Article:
We have natural responses to being hurt that are part of our imperfections. We do not always respond well to stresses in our lives. These responses come easily to us, but they are not helpful to our personal growth. Next time someone hurts you, try using these tools:

Acknowledge the Wound. Don’t Deny it.

When we are hurt emotionally, we tend to deny it. For example, an unloving wife may wound a husband’s heart, but he may not want to appear weak or vulnerable. Or he may think he is being overly sensitive. Or he may think that admitting his hurt is being disloyal or mean to his wife. So he shrugs off the wound. However, he is living a lie. Just saying something doesn’t hurt us doesn’t make it go away, and the wounded heart stays injured.

Stay Connected. Don’t Isolate.

We tend to withdraw from a relationship when we hurt. Some people are afraid of their dependencies on others. Others feel guilty about burdening friends with their problems. Still, others try to be self-sufficient. None of these responses helps a person heal and grow.

Love and Forgive. Don’t Retaliate.

People also “naturally” lash back when they are hurt, and they desire revenge on the one who hurt them. Like little kids, they will harbor murderous intentions and attempt to retaliate. For example, a woman who has been betrayed by a man she is dating may then do the same to him. Perhaps they had agreed to an exclusive relationship, deepening their commitment and trust. Then she found out he was seeing someone else. The problem with rationalizing retaliation is that while he certainly needs to know how he hurts others, it’s more likely to help him justify his own behavior.

Practice Self Control. Don’t be Controlled.

Our initial response to being hurt is that we lose self-control. Our getting hurt in a relationship is proof of how little control we have over others in the first place. Many times we transfer power onto the person who has hurt us, which makes things worse. For example, a man may realize his parents have been emotionally unresponsive to him all his life. He may see how this unresponsiveness has made his relational life difficult, as he has not been connected enough to his inner self to connect to others. As he understands this, he may then also become obsessed with trying to get his parents to see what they did to him or get them to apologize, or get them to re-parent him and provide him for what they did not when he was a child.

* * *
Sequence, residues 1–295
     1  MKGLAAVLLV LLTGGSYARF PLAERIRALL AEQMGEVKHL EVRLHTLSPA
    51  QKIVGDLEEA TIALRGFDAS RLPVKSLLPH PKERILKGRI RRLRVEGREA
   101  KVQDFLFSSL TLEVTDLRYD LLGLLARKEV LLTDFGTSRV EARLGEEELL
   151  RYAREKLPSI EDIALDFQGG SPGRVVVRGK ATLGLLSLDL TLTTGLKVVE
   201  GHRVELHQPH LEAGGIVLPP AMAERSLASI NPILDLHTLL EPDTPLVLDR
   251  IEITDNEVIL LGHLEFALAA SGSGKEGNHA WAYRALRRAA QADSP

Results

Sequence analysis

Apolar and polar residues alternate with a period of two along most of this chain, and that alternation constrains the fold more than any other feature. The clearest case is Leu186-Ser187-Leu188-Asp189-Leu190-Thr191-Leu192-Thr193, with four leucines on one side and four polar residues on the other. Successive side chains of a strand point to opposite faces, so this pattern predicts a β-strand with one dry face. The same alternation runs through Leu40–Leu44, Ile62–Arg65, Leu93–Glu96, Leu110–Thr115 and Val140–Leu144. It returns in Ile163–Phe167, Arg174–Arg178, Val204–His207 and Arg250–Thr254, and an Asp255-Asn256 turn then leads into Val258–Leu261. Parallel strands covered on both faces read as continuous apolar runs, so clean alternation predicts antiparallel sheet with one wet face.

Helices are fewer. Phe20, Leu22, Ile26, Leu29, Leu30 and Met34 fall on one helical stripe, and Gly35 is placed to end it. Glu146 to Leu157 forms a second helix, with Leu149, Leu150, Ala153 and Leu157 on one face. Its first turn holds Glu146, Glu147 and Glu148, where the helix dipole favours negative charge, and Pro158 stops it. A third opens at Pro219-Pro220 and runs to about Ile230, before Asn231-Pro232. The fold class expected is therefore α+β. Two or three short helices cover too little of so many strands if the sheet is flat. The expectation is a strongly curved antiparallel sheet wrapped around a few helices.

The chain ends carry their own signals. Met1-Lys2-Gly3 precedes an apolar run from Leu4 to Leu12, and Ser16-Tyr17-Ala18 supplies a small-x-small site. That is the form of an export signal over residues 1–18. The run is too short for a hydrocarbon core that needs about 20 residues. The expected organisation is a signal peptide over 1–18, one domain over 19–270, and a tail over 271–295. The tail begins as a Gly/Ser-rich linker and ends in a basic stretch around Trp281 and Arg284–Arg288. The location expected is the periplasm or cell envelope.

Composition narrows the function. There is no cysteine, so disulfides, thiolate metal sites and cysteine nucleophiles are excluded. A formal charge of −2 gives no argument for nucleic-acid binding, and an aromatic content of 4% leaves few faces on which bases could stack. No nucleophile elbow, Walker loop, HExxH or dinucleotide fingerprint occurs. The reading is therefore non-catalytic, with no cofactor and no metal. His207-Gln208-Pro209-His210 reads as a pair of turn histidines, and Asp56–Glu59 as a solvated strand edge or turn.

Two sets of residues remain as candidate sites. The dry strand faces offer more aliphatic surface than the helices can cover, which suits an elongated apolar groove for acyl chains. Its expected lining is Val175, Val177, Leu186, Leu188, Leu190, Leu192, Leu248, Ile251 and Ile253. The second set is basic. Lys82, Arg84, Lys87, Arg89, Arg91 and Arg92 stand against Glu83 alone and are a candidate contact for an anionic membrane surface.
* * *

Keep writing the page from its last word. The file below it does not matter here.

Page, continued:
Good relationships do involve confronting, forgiving, and reconciling. However, some people make the injured self the focus of their lives, letting the other person control them. In this way, they put their hearts under the power of the very ones who injured them. That’s not a productive way to live.

A High View of Marriage Includes Divorce

SOURCE:  Rebecca VanDoodewaard

God hates divorce, doesn’t He? Absolutely.

Isn’t the gospel about forgiveness and love? Yes, it is.

And pastors and elders can use these two truths in isolation from the rest of Scripture and biblical principles to deny people divorce for biblical grounds. “But marriage is a precious thing,” one pastor told a woman whose husband was in prison for pedophilia. “It would be a wonderful picture of God’s grace to move on from this and focus on your marriage,” another one told the husband of an adulteress. “We’re working with him; he’s really struggling, and so you need to forgive him,” a session tells a woman whose husband has been using pornography for years.

Evangelical and confessional churches are striving to maintain a high view of marriage in a culture that is ripping the institution to shreds. So extra-biblical barriers to divorce can be well-meant. They try to protect marriage by doing everything possible to avoid divorce. In doing so, they not only fail to keep a high view of marriage. They also spread lies about the gospel, divorce, the value of people, the character of God and the nature of sexual sin.

The first lie is that forgiveness means that the offended party is bound to continue living with the guilty party once there’s an apology.

Wives in particular are told that God requires that they forgive a repentant spouse, which is true, and that this means that they need to stay in the marriage, which is not true. It’s like saying to parents who discover that the babysitter molested their children: “Oh, but the sitter said sorry. It would be unloving to not ask them to watch the kids again. You need to demonstrate your forgiveness.” The argument is that Jesus forgave you and took you in: Why can’t you do the same for a spouse? Because I am not God: I am human, too, and can’t atone for my spouse’s sin in a way that can restore an earthly marriage.